Maybe the occasion simply required more formality than a different venue, but Caesar may also have wanted to emphasize Rome's religious hegemony, which Herod himself had always been too happy to acknowledge. Still, why Apollo's Temple, of all places? Was it simply the site's proximity to the Trans-Tiber district where most Roman Jews lived? Or was Augustus subtly delivering a message? If so, what was that message? I have no idea.
A new book just out from Cambridge by Ovid Scholar John F. Miller is entitled Apollo, Augustus, and the Poets. From the publisher's description:
Apollo’s importance in the religion of the Roman state was markedly heightened by the emperor Augustus, who claimed a special affiliation with the god. Contemporary poets variously responded to this appropriation of Phoebus Apollo, both participating in the construction of an imperial symbolism and resisting that ideological project. This book offers a synoptic study of ‘Augustan’ Apollo in Augustan poetry...The book's index does cite Josephus on the 4 BC hearing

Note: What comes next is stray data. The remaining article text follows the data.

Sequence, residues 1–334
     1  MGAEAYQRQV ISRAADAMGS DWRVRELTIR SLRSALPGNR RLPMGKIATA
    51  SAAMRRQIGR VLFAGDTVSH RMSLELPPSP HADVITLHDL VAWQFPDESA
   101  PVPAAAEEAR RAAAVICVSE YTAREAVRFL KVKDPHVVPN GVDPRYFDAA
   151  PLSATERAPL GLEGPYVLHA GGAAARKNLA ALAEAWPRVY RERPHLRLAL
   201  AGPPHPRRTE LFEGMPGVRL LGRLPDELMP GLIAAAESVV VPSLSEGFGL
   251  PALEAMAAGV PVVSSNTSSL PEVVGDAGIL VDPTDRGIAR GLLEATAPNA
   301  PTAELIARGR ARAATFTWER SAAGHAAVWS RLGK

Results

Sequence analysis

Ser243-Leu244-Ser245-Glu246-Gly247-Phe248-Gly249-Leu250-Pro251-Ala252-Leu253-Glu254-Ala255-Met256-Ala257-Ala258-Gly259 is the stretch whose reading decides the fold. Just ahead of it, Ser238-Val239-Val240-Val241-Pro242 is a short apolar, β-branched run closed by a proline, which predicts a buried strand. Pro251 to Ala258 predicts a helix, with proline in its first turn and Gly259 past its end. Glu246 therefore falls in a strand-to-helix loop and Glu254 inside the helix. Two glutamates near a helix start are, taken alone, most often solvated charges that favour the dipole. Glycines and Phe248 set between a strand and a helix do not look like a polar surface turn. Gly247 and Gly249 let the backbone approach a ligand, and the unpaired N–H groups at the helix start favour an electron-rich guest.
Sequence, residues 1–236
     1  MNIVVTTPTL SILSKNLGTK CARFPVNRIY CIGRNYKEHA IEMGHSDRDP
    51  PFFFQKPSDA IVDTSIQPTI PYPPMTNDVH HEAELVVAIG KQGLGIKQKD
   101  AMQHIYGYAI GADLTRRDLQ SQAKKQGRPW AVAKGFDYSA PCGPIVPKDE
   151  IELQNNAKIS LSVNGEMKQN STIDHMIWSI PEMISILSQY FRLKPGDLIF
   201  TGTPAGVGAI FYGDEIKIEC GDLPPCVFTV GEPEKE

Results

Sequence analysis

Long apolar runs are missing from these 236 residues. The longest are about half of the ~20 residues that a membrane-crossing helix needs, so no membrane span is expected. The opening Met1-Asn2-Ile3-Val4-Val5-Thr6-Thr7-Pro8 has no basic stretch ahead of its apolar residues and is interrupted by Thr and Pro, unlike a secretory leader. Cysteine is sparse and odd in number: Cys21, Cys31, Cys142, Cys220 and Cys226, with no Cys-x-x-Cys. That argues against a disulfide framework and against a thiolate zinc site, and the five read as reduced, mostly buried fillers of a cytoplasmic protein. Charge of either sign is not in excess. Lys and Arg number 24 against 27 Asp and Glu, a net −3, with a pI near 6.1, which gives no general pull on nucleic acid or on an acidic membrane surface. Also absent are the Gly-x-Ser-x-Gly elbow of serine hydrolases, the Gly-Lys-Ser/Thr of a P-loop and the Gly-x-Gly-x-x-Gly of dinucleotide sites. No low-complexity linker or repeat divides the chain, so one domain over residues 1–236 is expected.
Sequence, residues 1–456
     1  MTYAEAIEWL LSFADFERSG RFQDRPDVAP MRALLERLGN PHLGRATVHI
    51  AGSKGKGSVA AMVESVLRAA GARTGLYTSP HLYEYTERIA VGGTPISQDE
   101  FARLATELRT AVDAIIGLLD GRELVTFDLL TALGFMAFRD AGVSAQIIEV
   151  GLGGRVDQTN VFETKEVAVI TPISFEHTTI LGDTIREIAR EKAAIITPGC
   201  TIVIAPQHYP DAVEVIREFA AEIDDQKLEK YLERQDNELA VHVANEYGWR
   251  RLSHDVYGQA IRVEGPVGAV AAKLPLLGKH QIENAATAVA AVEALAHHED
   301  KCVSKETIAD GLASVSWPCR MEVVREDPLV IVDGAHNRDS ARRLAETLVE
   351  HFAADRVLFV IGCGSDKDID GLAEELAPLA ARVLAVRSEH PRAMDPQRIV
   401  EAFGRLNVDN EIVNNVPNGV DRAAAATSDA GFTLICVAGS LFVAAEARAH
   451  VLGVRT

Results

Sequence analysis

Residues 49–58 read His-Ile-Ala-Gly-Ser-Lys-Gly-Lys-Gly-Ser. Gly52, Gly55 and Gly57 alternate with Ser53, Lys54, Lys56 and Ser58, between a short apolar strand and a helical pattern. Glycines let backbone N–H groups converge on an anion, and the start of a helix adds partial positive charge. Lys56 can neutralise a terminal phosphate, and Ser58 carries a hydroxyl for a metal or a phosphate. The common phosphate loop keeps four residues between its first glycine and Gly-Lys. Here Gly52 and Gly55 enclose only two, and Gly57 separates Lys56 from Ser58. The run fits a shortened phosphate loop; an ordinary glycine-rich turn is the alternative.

• The only comprehensive treatment of the reflections by Augustan poets on Apollo as an imperial icon • Discusses the presentation of Apollo and Augustus by all five major Augustan poets as well as minor poets • Carefully situates the literature about Augustan Apollo within the broader culture, as known from numismatic, epigraphical, artistic, and archaeological evidence